“You’re My Sin-Eater”

May 29, 2015 at 12:26 pm

elizabeth-keen-reddington-the-blacklist

“I am a sin-eater. I absorb the misdeeds of others, darkening my soul to keep theirs pure.”

So confesses Raymond Reddington (played by James Spader) in the season two finale of the NBC show Blacklist. For those already devoted to the series, this piece will offer no spoilers. For those unfamiliar with the show, this reflection does not require any prior knowledge. What it does demand is a theological curiosity and a cultural interest in the intersection of religion and pop-culture. When, why and how these two apparent strangers meet is always an interesting moment. Not least of which is this little phrase that comes at the end of a long season of a show that prides itself on highlighting the blurred lines between right and wrong through a sordid mess of twists, turns, lies, hidden agendas and flashbacks. A show in which, despite all of its penchant for shock, the emergence of the word “sin-eater” may be one of the most shocking moments of all.

Even though Ray Reddington’s character is depicted as a fugitive who seems eerily familiar with a wide array of obscure rituals, cultures, and practices, his reference to “sin-eaters” rises very close to the top of the list of his obscure statements. Given the fact that the phrase appears in a prime-time television show amidst an age in which even the church has become increasingly uncomfortable with the term “sin” (see Phillip Yancey’s piece in OnFaith) only highlights it’s mysterious presence.

But more to the the point– what in the world is a “sin-eater?”

I asked the same question and was required to do a bit of research, discovering in the process that there is very little known about these historical oddities save a couple of old references found in the annals of the history of Wales. One such work is Welsh Sketches, penned by Ernest Silvanus Appleyard who writes,

“When a person died, the friends sent for the sin-eater of the district, who on his arrival places a piece of salt on the breast of the defunct, and upon the salt a piece of bread. He then muttered an incantation over the bread, which he finally ate; thereby eating up all the sins of the deceased. This done, he received the fee of two shillings and sixpence, and vanished as quickly as possible from the general gaze; for as it was believed that he really appropriated to his own use and behoof the sins of all those over whom he performed the above ceremony, he was utterly detested in the neighbourhood — regarded as a mere Pariah — as one irremediably lost.” 

To our modern ears the practice sounds full of peasant ignorance, steeped in a kind of syncretism that attempted to tie together the worst of medieval superstition, folk-religion, and a healthy dose of entirely misguided Christianity. And yet, the ritual also has a bit of truth about it (albeit hidden beneath thick layers of very bad theology). In fact, if one looks close enough at the world in which we dwell, one will not find it too difficult to discover sin-eaters still lurking in our streets. They may answer to different names but the fact that humanity is always trying to wrestle with themes of guilt and forgiveness surrounds us. As Philip Yancey writes,   

“Much as we would wish otherwise, we have a deep, inescapable sense that something is wrong with the world, with our neighbors, and even with ourselves.”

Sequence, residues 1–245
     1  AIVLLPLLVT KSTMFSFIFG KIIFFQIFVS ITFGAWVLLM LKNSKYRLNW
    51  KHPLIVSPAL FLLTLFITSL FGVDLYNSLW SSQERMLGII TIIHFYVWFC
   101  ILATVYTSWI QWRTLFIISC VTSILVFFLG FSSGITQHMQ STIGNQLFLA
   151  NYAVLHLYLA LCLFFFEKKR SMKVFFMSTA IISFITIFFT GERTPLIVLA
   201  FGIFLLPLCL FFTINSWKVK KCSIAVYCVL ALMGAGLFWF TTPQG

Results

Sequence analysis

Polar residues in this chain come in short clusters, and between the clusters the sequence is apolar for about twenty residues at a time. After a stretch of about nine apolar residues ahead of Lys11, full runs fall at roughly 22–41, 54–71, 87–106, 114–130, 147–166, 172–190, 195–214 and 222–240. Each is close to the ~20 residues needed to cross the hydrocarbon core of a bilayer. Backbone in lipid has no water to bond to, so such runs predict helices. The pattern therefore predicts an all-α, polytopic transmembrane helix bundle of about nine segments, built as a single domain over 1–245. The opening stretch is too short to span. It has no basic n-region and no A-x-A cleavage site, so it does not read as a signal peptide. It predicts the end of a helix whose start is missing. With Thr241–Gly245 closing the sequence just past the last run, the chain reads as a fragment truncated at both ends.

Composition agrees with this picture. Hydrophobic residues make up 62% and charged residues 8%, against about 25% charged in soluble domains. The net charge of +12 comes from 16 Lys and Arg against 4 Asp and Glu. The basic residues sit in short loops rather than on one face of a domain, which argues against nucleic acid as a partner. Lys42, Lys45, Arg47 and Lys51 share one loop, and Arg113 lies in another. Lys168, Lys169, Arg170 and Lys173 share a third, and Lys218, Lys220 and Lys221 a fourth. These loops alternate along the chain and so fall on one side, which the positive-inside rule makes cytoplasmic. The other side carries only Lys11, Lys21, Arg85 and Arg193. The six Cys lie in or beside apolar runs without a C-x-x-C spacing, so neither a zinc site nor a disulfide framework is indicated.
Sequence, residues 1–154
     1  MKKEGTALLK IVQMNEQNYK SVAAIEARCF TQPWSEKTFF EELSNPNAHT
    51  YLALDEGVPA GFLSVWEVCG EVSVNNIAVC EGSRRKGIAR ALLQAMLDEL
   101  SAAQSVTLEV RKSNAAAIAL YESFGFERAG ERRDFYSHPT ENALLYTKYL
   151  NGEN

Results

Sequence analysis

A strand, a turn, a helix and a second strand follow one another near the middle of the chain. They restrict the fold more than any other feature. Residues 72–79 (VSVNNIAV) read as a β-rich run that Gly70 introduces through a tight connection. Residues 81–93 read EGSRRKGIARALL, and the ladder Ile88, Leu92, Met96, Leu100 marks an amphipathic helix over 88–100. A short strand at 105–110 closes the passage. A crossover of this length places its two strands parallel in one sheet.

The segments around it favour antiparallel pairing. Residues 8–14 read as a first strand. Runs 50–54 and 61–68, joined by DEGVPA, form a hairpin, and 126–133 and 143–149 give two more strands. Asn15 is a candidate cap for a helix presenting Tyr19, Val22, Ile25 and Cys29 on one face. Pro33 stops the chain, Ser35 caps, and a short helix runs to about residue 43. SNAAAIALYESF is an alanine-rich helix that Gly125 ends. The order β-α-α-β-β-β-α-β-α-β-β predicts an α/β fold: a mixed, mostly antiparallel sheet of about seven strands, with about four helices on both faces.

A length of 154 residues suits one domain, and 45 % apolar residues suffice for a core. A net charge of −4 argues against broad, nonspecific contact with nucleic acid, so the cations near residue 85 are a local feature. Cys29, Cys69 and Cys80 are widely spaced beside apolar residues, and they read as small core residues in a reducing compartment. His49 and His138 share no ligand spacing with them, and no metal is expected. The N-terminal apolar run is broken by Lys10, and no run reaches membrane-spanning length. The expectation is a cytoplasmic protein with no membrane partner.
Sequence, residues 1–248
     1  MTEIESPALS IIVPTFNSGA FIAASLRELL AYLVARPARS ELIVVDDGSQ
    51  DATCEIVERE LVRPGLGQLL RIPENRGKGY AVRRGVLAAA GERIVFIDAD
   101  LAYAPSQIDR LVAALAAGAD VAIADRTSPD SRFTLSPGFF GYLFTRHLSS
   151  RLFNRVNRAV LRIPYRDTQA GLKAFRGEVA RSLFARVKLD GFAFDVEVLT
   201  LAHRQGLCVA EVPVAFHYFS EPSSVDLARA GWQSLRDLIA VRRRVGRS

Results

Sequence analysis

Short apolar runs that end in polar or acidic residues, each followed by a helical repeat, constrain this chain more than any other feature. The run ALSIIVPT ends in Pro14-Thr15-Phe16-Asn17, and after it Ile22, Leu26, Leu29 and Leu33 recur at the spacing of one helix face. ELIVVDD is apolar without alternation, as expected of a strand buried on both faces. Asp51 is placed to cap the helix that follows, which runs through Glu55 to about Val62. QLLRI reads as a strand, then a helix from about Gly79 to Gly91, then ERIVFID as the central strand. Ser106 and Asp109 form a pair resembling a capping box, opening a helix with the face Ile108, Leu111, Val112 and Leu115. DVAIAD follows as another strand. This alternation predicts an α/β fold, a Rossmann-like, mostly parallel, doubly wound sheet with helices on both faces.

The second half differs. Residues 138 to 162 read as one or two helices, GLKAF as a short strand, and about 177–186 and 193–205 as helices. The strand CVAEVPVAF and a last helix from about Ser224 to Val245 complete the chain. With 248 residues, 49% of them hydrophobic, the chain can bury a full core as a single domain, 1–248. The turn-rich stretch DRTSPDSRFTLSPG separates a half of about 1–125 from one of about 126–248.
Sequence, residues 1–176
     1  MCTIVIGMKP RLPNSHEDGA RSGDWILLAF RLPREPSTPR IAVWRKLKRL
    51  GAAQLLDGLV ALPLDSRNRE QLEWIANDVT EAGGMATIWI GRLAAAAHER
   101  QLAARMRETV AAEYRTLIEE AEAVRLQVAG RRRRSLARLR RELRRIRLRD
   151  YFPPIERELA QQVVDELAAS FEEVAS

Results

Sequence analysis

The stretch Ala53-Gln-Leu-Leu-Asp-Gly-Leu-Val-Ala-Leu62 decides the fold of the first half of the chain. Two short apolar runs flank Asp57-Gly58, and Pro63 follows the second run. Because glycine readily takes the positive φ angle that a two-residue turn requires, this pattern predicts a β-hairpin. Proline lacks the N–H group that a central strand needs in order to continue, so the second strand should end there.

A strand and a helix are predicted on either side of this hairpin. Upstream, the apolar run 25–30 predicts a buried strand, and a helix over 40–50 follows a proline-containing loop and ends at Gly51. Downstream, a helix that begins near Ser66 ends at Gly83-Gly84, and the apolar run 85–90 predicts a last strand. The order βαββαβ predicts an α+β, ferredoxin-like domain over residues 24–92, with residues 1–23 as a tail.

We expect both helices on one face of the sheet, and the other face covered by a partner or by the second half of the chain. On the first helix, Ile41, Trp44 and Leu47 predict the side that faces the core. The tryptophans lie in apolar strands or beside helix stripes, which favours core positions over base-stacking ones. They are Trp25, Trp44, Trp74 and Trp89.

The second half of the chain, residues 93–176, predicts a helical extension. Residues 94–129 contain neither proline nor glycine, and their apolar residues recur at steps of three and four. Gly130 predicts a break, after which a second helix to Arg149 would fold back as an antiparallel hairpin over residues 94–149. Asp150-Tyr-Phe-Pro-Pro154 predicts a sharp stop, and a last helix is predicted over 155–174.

With this “sense that something is wrong” constantly gnawing at our hearts each of us is tempted to look for relief by casting blame on another soul; a scapegoat, a sin-eater. We blame our parents (or lack thereof), our bosses, our lovers, our friends, our enemies, our siblings…but almost never ourselves. We would rather pay a homeless man roaming the streets to eat bread off our lifeless bodies than carry the weight of our own sins.

We look for scapegoats because, truth be told, we need scapegoats. Or more specifically, a scapegoat. The problem for us, for all of humanity is not that we want to be set free from our sense of guilt, but that we are always searching for that freedom from those who are unable to carry the load. We are all desperately in need of a sin-eater. Not a beggar who merely poses as forgiveness, but forgiveness incarnate. Not a social outcast with nothing to lose, but a King who is working towards gaining all of the world back again. Not a grace that costs but “two shillings and sixpence,” but the most costly grace of all.

Read again for me the passage above from Appleyard and then spend some time letting your eyes fall afresh over the words penned by Isaiah in the 53rd chapter of his book:   

Surely he has borne our griefs
    and carried our sorrows;
yet we esteemed him stricken,
    smitten by God, and afflicted.
But he was pierced for our transgressions;
    he was crushed for our iniquities;
upon him was the chastisement that brought us peace,
    and with his wounds we are healed.
All we like sheep have gone astray;
    we have turned—every one—to his own way;
and the Lord has laid on him
    the iniquity of us all. (53: 4-6)

Is it strange that even in our late-night entertainment we find the world searching desperately for the gospel, a gospel that is often hidden by a price so high (good works to satisfy the gods) that no one is able to pay? And might this entertainment itself often serve as the sin-eater for our souls to whom we’ll pay another sixpence so we can forget about our guilt for just another hour or so? Elizabeth Keen calls Reddington her sin-eater, and Redington claims he is one. The reality is that both need to keep looking for a beggar who has found better bread than the one laid on the cold body of another sinner. The “bread of life” (John 6:35) is the only one worth eating – and the only one worth sharing with fellow beggars who are all looking for a sin-eater to quiet their restless conscious, and take away their sins.